Diageo PLC, the world's largest spirits maker, unveiled plans on Wednesday to restructure its international business to focus on fast growing emerging markets and flagged potential job losses in Europe.
Diageo, whose brands include Johnnie Walker whisky, Smirnoff vodka and Guinness stout, said it will launch two new divisions _ Latin America and the Caribbean, and Africa _ on July 1.
That breaks up the company's current "International" business. Its North America, Asia Pacific and Europe units remain.
"The regional variation in the pace of economic growth has created significant change and new opportunities for Diageo as a global business," said Chief Executive Officer Paul Walsh. "In order to capture these opportunities Diageo has begun a review of our operating model across the business to ensure that all our resources are deployed closer to the market and in those areas where the potential for growth is greatest."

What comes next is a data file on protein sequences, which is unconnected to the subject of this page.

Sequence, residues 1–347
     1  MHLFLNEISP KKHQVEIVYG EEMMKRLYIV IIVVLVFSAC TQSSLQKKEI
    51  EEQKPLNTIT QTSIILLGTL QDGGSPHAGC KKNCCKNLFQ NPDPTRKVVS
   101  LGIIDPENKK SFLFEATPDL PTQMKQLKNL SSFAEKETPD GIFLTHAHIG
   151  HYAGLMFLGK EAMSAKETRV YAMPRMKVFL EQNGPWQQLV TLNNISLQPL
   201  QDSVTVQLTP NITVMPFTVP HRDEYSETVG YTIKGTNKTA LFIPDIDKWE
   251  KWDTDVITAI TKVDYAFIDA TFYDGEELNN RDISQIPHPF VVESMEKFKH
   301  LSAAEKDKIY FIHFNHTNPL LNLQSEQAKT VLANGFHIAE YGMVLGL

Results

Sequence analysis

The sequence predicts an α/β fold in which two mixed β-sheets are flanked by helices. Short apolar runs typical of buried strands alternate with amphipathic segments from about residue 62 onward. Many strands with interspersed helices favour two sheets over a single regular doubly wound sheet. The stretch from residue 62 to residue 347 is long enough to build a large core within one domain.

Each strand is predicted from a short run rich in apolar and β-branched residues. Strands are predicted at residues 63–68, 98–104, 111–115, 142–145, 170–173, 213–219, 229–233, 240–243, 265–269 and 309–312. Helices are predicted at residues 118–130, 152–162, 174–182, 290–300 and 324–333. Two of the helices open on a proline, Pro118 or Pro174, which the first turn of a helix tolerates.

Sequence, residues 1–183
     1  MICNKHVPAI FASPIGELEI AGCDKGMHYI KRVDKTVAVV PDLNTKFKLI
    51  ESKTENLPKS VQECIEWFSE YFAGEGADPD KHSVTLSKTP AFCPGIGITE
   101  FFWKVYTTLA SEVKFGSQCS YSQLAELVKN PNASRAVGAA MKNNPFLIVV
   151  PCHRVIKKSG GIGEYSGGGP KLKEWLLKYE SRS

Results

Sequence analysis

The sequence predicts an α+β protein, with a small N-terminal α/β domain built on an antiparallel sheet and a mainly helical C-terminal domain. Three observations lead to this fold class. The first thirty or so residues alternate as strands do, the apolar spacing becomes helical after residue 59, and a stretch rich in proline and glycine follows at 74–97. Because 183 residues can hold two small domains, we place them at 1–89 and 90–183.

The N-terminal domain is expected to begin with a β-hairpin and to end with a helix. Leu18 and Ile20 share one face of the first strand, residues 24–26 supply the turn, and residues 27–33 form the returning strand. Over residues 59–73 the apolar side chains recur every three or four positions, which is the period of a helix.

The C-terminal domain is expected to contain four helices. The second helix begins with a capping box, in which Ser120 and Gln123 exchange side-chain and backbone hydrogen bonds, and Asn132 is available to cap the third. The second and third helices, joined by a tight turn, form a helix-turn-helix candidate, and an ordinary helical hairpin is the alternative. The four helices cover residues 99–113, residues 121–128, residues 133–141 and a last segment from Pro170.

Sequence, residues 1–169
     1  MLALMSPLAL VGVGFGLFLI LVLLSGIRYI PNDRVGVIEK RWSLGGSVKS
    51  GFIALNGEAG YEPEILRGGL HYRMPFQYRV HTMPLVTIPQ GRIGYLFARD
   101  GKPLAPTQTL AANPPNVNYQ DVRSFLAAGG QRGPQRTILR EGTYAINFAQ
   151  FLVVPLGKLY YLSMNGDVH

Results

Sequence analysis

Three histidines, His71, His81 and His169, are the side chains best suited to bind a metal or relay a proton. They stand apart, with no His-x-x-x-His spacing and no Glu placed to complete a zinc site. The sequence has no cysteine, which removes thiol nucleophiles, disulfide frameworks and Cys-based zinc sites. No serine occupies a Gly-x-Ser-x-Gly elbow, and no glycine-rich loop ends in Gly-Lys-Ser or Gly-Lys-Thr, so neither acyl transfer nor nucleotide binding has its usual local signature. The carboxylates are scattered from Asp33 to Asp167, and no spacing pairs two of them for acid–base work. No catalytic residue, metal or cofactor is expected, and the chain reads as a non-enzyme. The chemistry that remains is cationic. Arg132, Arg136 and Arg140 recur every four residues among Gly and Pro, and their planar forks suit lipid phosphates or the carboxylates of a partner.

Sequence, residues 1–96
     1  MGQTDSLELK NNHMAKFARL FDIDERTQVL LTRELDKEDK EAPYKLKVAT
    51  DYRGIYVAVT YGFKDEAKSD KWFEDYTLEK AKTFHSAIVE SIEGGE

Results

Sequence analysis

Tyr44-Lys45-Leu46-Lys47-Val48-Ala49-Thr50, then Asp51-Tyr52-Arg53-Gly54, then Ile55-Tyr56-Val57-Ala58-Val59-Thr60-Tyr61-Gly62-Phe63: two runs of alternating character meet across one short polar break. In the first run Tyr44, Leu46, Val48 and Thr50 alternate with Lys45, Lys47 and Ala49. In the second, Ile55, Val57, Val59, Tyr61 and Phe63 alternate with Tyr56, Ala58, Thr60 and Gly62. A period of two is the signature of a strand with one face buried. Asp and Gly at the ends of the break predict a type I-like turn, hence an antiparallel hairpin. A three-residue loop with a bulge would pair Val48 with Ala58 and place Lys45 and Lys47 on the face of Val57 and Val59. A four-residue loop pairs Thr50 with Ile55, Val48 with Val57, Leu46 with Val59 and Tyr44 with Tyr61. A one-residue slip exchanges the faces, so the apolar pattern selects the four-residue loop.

Walsh added that the company had begun an "employee consultation process on significant changes" to the Europe division, signalling likely job losses.
The company earlier this month reported that sales rose 5 percent in the first nine months of the year, more than analysts expected, as growth in emerging markets, particularly Asia, offset a drop in Europe.
Sales were down 3 percent in Europe but up 3 percent in North America, 9 percent in Asia and the Pacific and 14 percent in all other markets.
The brunt of the job cuts is expected to be borne by countries that have underperformed in recent years, including Spain and Ireland, where U.S. President Barack Obama enjoyed a pint of Guinness just a few days ago.
Diageo Ireland Managing Director John Kennedy said Tuesday that changes were "absolutely essential to ensure that Diageo has a competitive and sustainable business in the country.
"Diageo is fully committed to Ireland, and has very significant operations here that are an essential element of our company's operations globally," he said. "However we do need to make changes and deliver greater efficiencies in some of the support functions of the business."
Support functions and marketing at the the company's flagship St. James' Gate brewing plant in the center of Dublin are expected to take a hit.
Diageo said Wednesday that two senior executives would leave the company as a result of the shakeup.
Stuart Fletcher, the president of the soon to be defunct Diageo International, and Chief Customer Officer Ron Anderson will both depart when the transition process is completed, which the company expects to happen in the middle of next year.